The most talented player doesn’t always win the match – it’s the player who has the mental edge on their competition. How many times have you seen top seeds down two sets to love, being absolutely thrashed by an unseeded player ….. only to win the next three sets? How many times have you personally been defeated by someone you ‘know’ you should be able to beat, but they somehow always seem to have the wood on you?
The above scenarios are all about intimidation – being able to affect your opponent with your own intent, and of course, learning how to ‘immunise’ and shield yourself against such attacks.
Intimidation is not just about physical size, emotional outbursts, or verbal sledging – in fact the best intimidation tactics are the strong silent type that insidiously gnaw away at your opponents confidence, expose their weaknesses and undermine their abilities.
The best way to think of this concept is to begin with an example from the martial art of Aikido. When someone attacks you, there is a moment in which they gather their energy prior to expending it in the form of an attack. So there is a very small window of opportunity prior to an attack, in which you can take control of the situation.
This is identified physically in the person attacking by their taking an ‘in-breath’. Before we can expend energy, we have to first gather energy in. Try it yourself – draw back your fist and arm as if you were going to punch someone, and notice how as you do, it’s natural to take a breath in. Then you expel it as you punch.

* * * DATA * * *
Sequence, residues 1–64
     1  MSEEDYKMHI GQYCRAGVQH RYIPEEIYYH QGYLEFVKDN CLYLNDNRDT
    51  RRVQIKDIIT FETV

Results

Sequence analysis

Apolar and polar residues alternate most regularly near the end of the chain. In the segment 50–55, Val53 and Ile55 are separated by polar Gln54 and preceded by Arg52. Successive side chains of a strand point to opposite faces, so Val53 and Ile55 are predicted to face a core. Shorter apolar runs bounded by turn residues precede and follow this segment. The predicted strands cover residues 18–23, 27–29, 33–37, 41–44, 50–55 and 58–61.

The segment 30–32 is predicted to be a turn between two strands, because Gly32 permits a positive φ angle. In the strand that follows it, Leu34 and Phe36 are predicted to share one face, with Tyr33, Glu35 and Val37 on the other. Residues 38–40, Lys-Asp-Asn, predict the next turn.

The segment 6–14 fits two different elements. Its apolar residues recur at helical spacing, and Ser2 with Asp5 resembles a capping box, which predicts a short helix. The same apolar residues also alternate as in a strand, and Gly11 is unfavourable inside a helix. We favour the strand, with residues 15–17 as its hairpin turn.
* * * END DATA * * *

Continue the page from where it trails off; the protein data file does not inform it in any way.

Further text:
This concept doesn’t just apply to combat – in order to achieve anything, to do anything, there is a period of gathering energy first – then the expenditure of energy. For example, think of a tennis forehand or a golf swing – you first take back the club or racquet in order to develop the power to hit the ball. In Nature, and even in business, there are periods of withdrawal prior to bursts of growth or activity.
The idea for the Aikido exponent is to be aware of the movement of ‘energy’ in your partner, (through attention to their breathing and other non-verbal signals), and to blend with their attack at the point just prior to it happening, so as to re-direct their movement and energy to your purpose.
However it’s not just the physical action that happens in someone attacking – a worthy opponent will also attack with their mind.
So we take action to ‘catch’ an opponent’s arm or wrist in that window of opportunity before the completion of their in-breath and their attack, but it also means ‘capturing’ their mind; to blend with their attack at the point of intention.
What I do when I ‘capture my opponent’s mind’ is to enter into their thought space and take control of their point of intention. So that just as they intend an action, I have already blended with that intention and turned it in another direction.
While this may sound very esoteric, I’m sure you’ve already experienced it, many times. Every time you’ve competed or interacted with someone and been able to somehow know – beyond logic – what they were going to do, is an example of this.
Also you may have been on the receiving end of the process! If you’ve ever felt totally controlled by someone else, or totally unconfident around them to the point where you’re not acting or performing in your normal manner – they’ve captured your mind; or rather, you’ve allowedthem to capture your intention point.
Try the following exercise :
EXERCISE : Capturing Your Opponent’s Mind
1. Begin with a short relaxation and imagine around yourself a bubble of positivity. [ An excellent six-step format for doing this is outlined in all the Sportsmind audio tapes ]
2. Now picture your opponent, see them in your mind’s eye and associate into them: get a feel for how they move, what they see, and what they hear or say to themselves when they’re playing.
3. Now simply intend to capture their intention – to know their plans, strategies and intentions.